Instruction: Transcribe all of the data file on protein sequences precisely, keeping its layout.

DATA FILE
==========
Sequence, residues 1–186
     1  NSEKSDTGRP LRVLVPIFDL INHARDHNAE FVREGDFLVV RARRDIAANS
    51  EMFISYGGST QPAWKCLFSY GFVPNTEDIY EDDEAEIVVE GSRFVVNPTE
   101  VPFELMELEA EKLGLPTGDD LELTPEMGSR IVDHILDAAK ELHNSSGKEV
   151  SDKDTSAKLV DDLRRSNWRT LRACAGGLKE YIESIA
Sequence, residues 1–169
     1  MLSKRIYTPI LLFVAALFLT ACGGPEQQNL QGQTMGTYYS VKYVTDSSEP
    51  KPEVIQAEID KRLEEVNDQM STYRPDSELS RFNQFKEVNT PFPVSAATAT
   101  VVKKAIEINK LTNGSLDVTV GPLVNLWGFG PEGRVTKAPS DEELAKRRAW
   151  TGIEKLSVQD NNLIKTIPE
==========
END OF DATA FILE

Sequence, residues 1–186
     1  NSEKSDTGRP LRVLVPIFDL INHARDHNAE FVREGDFLVV RARRDIAANS
    51  EMFISYGGST QPAWKCLFSY GFVPNTEDIY EDDEAEIVVE GSRFVVNPTE
   101  VPFELMELEA EKLGLPTGDD LELTPEMGSR IVDHILDAAK ELHNSSGKEV
   151  SDKDTSAKLV DDLRRSNWRT LRACAGGLKE YIESIA
Sequence, residues 1–169
     1  MLSKRIYTPI LLFVAALFLT ACGGPEQQNL QGQTMGTYYS VKYVTDSSEP
    51  KPEVIQAEID KRLEEVNDQM STYRPDSELS RFNQFKEVNT PFPVSAATAT
   101  VVKKAIEINK LTNGSLDVTV GPLVNLWGFG PEGRVTKAPS DEELAKRRAW
   151  TGIEKLSVQD NNLIKTIPE